Agnes Lake Hickok: Queen of the Circus, Wife of a Legend
by Linda A. Fisher and Carrie Bowers

University of Oklahoma Press, 2009. ISBN 978-0-8061-3983-8.
Reviewed by Susan M. Andrus
Posted on 08/01/2009

Nonfiction: Biography; Nonfiction: History/Current Events; Nonfiction: Travel/Adventure

Remember when the circus came to town? Fliers hung from every utility pole, the newspaper announced the featured performers, and we watched the vacant lot transform from a field to a village of tents, animals, sawdust, and vendors.

Linda A. Fisher and Carrie Bowers capture this excitement and add to the suspense by chronicling the life of Agnes Pohlschnider, who later married Wild Bill Hickok. Agnes emigrated to Cincinnati from Germany with her father and three brothers when she was six years old, just six weeks after their mother's death. They changed their surname to Messmann and Agnes's brothers found work building the Erie Canal. When they had saved enough capital, they used their inherited wisdom to start a tobacco and whiskey business in Cincinnati.

Talk about running away with the circus: Agnes met Bill Lake, a circus clown, when she was nineteen years old. and eloped with him. They married in New Orleans in 1846 and soon formed their own circus, traveling the central and eastern parts of the United States.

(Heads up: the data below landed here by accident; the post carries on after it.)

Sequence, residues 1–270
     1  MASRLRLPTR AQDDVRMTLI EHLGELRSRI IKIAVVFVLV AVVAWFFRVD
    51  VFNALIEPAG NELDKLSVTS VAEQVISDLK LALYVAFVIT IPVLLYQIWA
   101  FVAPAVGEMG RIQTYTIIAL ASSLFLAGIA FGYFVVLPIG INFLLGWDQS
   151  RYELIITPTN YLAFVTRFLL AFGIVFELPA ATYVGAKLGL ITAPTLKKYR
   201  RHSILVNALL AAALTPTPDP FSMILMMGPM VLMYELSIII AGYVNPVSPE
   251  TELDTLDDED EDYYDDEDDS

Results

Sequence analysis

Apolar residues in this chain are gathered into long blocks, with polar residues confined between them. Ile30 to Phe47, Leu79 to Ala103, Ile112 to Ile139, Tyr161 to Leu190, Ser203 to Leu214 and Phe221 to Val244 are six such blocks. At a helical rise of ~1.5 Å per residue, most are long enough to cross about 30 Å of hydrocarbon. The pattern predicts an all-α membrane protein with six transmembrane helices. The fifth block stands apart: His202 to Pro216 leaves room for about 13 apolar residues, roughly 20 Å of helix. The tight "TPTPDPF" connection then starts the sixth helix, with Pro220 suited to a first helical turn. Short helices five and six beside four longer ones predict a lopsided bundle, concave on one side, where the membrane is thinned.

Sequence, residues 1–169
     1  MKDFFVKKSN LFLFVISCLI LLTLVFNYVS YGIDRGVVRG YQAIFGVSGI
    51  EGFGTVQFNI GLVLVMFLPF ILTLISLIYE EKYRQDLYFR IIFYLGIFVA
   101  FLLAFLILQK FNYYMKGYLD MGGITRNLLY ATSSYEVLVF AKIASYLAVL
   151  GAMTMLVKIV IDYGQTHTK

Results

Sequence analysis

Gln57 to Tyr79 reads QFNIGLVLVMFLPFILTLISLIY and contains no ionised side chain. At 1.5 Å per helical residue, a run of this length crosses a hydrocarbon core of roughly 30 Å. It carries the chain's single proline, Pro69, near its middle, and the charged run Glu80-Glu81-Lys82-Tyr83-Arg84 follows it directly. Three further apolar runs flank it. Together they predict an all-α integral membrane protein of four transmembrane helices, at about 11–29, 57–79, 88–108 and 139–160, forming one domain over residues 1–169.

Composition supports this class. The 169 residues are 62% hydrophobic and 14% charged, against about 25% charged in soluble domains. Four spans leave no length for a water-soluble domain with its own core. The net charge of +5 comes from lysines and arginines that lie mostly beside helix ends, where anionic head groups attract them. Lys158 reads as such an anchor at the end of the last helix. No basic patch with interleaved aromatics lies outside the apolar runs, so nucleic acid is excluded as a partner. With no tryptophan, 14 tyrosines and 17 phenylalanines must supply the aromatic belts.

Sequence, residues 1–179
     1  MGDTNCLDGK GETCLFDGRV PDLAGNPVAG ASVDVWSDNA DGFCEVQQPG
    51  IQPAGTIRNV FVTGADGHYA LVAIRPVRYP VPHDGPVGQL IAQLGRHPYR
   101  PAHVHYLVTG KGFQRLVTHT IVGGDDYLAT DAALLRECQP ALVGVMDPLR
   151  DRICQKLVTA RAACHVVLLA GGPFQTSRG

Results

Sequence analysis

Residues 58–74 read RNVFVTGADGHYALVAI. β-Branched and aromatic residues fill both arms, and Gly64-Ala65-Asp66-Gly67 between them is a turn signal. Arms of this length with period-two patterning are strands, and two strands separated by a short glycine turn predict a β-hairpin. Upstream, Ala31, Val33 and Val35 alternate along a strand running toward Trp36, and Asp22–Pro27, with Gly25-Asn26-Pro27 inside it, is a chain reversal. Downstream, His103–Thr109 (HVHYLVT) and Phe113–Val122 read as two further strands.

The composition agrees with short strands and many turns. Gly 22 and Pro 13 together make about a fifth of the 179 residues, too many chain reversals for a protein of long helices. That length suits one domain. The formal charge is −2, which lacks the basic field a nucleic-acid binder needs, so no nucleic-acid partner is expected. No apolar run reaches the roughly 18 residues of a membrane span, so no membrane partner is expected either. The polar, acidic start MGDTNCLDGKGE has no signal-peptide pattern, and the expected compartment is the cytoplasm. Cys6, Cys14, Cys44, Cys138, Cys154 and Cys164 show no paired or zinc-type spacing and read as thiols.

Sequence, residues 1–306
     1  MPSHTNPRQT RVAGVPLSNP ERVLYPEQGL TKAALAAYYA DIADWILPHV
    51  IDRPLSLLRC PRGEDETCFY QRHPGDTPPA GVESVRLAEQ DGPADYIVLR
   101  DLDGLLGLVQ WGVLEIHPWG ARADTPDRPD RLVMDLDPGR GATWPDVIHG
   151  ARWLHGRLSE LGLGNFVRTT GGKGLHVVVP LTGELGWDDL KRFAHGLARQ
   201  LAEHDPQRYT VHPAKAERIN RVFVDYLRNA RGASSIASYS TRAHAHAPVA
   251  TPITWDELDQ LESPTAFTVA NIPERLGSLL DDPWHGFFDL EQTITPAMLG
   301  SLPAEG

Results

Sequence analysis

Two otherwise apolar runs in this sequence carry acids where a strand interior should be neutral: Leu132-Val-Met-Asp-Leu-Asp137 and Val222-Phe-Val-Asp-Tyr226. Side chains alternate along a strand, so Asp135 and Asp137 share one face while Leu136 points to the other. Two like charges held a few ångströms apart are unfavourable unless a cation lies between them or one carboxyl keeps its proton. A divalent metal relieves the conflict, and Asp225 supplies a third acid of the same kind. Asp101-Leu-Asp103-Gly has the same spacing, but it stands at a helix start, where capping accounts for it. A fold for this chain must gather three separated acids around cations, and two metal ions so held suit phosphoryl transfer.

Fisher and Bowers show us the lifestyle of circus performers, the difficult work behind the scenes, and Agnes's well-developed management abilities as she took over the circus after a disgruntled ticket holder murdered her husband. Later in life, she met and married Wild Bill Hickok and spent a few years with him before an assassin killed him in Deadwood, Black Hills.

For circus lovers, this book brings back the sights, the sounds, and even the smells of circus life. For history lovers, it shows how people lived, where groups moved around the globe, and the development of the western half of the North American continent. For biography lovers, readers have much to learn about a little-known courageous woman of the nineteenth and twentieth centuries.

The late Linda A. Fisher was a public health physician, a documentary researcher, and the editor of The Whiskey Merchant's Diary: An Urban Life in the Emerging Midwest. Carrie Bowers, who was Linda A. Fisher's research assistant, holds an MA in American History. A resident of northern Virginia, she has worked for George Washington's Mount Vernon Estate, the National Park Service, and the National Museum of the Marine Corps.

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